Uncategorized, Writing Advice

Tips for Developing Memorable Protagonists

Long after reading a book or watching a film, the aspect of the story you most likely remember in great detail are its characters. Even when the finer points of the plot or the sequence of events become muddled, the reader or audience can tell you about who the protagonist and antagonist were (if either one is worth talking about, that is).

Bear in mind, a memorable protagonist is not memorable solely because of how powerful or flawless he or she is. In 2003, the American Film Institute listed its top 100 villains and heroes in cinematic history. The top 10 heroes included Atticus Finch, Clarice Starling, Ellen Ripley, Indiana Jones and Rocky Balboa. Superman, on the other hand, placed 26th on the list. The #1 hero, Atticus Finch, was a lawyer who never threw a single punch and rarely even raised his voice, but whose strength and respectability rested in his empathy, pursuit of justice and human decency. This didn’t mean that he was without flaws: when determining what was to be done about Boo Radley, Atticus, stressed from nearly losing his son, defaults to considering the legality instead of the morality of the situation. Sheriff Tate is the one to determine what is the right course of action, but this lapse didn’t make Atticus Finch any less a hero: it made him human.

In order to create characters who stick in your readers’ mind for years to come, you have to walk a tightrope between relatable and unique, admirable and flawed, all while avoiding the tropes, clichés and pitfalls that make a protagonist utterly forgettable. Here are some dos and don’ts that can help to guide you as you map and write your protagonist.

  1. DO draft a character map while you’re in the research and outlining phase of your novel (sometime after you’ve gotten your genius plot concept and before you’ve started committing the story to the page). This can be a list, a brainstorming session or a paragraph that describes the character. I recommend determining the protagonist’s appearance, childhood, positive attributes, flaws, talents and city of origin in this character map, and remember: every aspect of the protagonist’s childhood that you choose to explore should have natural effects on who they are now, and who they are should have an effect on how they handle the situations that occur in your plot.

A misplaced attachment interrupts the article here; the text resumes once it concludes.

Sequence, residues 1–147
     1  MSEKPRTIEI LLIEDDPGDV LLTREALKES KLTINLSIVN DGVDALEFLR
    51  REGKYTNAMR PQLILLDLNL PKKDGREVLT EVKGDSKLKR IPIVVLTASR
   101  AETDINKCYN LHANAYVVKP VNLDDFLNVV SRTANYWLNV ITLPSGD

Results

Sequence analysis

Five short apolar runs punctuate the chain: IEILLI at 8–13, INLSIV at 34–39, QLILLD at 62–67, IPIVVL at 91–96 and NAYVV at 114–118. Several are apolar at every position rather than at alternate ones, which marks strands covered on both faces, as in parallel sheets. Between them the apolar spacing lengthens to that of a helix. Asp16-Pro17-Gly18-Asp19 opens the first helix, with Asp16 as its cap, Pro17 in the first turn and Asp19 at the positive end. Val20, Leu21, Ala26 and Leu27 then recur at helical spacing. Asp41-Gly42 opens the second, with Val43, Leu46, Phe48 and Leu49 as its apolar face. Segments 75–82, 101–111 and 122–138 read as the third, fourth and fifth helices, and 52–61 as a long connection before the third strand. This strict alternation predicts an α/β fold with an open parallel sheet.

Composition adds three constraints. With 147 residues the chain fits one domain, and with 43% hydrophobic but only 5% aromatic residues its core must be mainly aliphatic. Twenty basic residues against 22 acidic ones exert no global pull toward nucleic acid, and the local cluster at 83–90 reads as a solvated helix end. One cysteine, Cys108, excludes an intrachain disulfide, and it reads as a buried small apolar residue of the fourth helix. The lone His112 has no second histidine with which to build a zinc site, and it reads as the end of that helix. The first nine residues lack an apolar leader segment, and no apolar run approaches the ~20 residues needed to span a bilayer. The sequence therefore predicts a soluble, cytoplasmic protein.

2. DON’T overdo the physical descriptions when characters are first introduced, especially in first person narrative (as this comes across as unnatural, stilted, fawning or vain; if you intend to make the protagonist come across as vain, however, then have at it!). Let the reader know the protagonist’s build, hair type and one or two facial features. I also would recommend that you not detail the characters’ clothing at all times; only do this when it is pertinent to the plot or to illuminating an aspect of the character’s personality. Lastly, avoid using the “looking into a mirror” cliché to describe appearance. This has been done so much that it almost universally elicits an eye-roll.
  3. DO construct flaws that are natural inversions of attributes. If a protagonist is determined and independent, for example, he or she may not be very good at asking for help or allowing people to see him or her in a vulnerable state. Or if a protagonist is proud of his or her intellect and strives to learn, they may come across as arrogant or condescending to others. These aren’t just random quirks or empty flaws tacked on to the character for the sake of making a superficially nuanced persona; they’re mirrored versions of a trait that already exists.
  4. DON’T try to make your protagonist perfect—not to the reader, and not to the other characters. A “perfect protagonist” (often called a Mary Sue) loses all potential for being considered human or relatable. Their conflicts feel disingenuous (because if they’re so perfect, then how can anything or anyone ever threaten their success?); their relationships consist of vapid cheerleaders, swooning love interests or petty haters; and they often lack self-awareness, compelling traits and an actual arc. Giving your characters flaws and adversity helps you to build a meaningful arc as they learn how to recognize and accept their own shortcomings, and work to overcome them in order to achieve their goals.
  5. DO pay close attention to maintaining a consistent voice for each character—especially for your narrator—to include diction, dialect, speech patterns and speech rhythm. Lapses in this are often the results of “author inserts,” or instances where the author’s own voice slips into the narrative and the narrator’s voice takes a back-seat. This can be confusing for the reader as they try to determine if it was an intentional change in the narrator’s voice, or if the narrator simply isn’t as fully realized as they had previously thought. A great example of an author who knows how to write compelling and unique characters, and knows how to navigate their interactions in ways that make sense for who they are and how they speak, is Maggie Stiefvater; check out her Raven Cycle series to see what I mean.